The federal Fair Housing Act Amendments prohibit housing discrimination based on race, color, religion, national origin and familial status. The owners of several mobile home parks used the word “adult” in the names of their parks. Their park rules also restrict minors below age 18 from using certain park facilities without adult supervision and totally prohibit use of other areas, such as the billiard room.
The federal government brought this lawsuit against the mobile home park owners, seeking a declaration that the park rules violate the FHAA and are discriminatory against families residing in the mobile home parks.
Purchase Bob Bruss reports online.
But the owners point to a conciliation agreement they made with the U.S. Department of Housing and Urban Development. That agreement, the owners explain, reasonably established park rules for the benefit and enjoyment of all the residents.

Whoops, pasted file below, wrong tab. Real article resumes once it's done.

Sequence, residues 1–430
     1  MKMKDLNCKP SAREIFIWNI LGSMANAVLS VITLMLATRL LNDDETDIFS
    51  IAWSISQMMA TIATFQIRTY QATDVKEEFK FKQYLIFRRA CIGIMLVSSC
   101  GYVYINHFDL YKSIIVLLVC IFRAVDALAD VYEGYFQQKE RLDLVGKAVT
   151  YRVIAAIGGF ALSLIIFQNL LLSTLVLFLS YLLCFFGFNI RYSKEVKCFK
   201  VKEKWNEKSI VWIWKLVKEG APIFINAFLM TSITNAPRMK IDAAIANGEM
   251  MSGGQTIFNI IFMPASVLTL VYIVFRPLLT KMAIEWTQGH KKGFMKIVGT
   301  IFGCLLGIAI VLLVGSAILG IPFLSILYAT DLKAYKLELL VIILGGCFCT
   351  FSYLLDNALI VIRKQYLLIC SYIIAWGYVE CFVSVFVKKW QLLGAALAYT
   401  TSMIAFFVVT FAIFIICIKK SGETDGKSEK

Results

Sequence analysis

IF YOU WERE THE JUDGE would you rule the mobile home park rules, regulating supervision and use of park facilities by minors, are discriminatory based on familial status?
The judge said yes!
This case has two primary issues, the judge began. One involves the park rules, which require supervision of minor children by adults when using certain facilities, and totally prohibiting their use by minors, such as the billiard room, he continued. The second issue involves the use of the word “adult” in the names of the parks, he added.
As for establishing age restrictions on the use of the park facilities by minors, the judge explained, those limitations clearly violate the FHAA. The FHAA applies not only to occupancy, but to use of the premises, he noted.
In addition, use of the word “adult” in the names of the parks shows illegal “steering” discrimination because it illegally discourages families from applying for occupancy in the parks, the judge emphasized.
As for the HUD conciliation agreement with the park owners “It is the court, not HUD, that is the final arbiter in determining whether the rules are in compliance with the Fair Housing Act or the FHAA,” the judge ruled. The age restrictions and use of the word “adult” in the park names shall be prohibited, the judge concluded.
Based on the 2003 U.S. District Court decision in U.S. v. Plaza Mobile Estates, 273 Fed.Supp.2d 1084.
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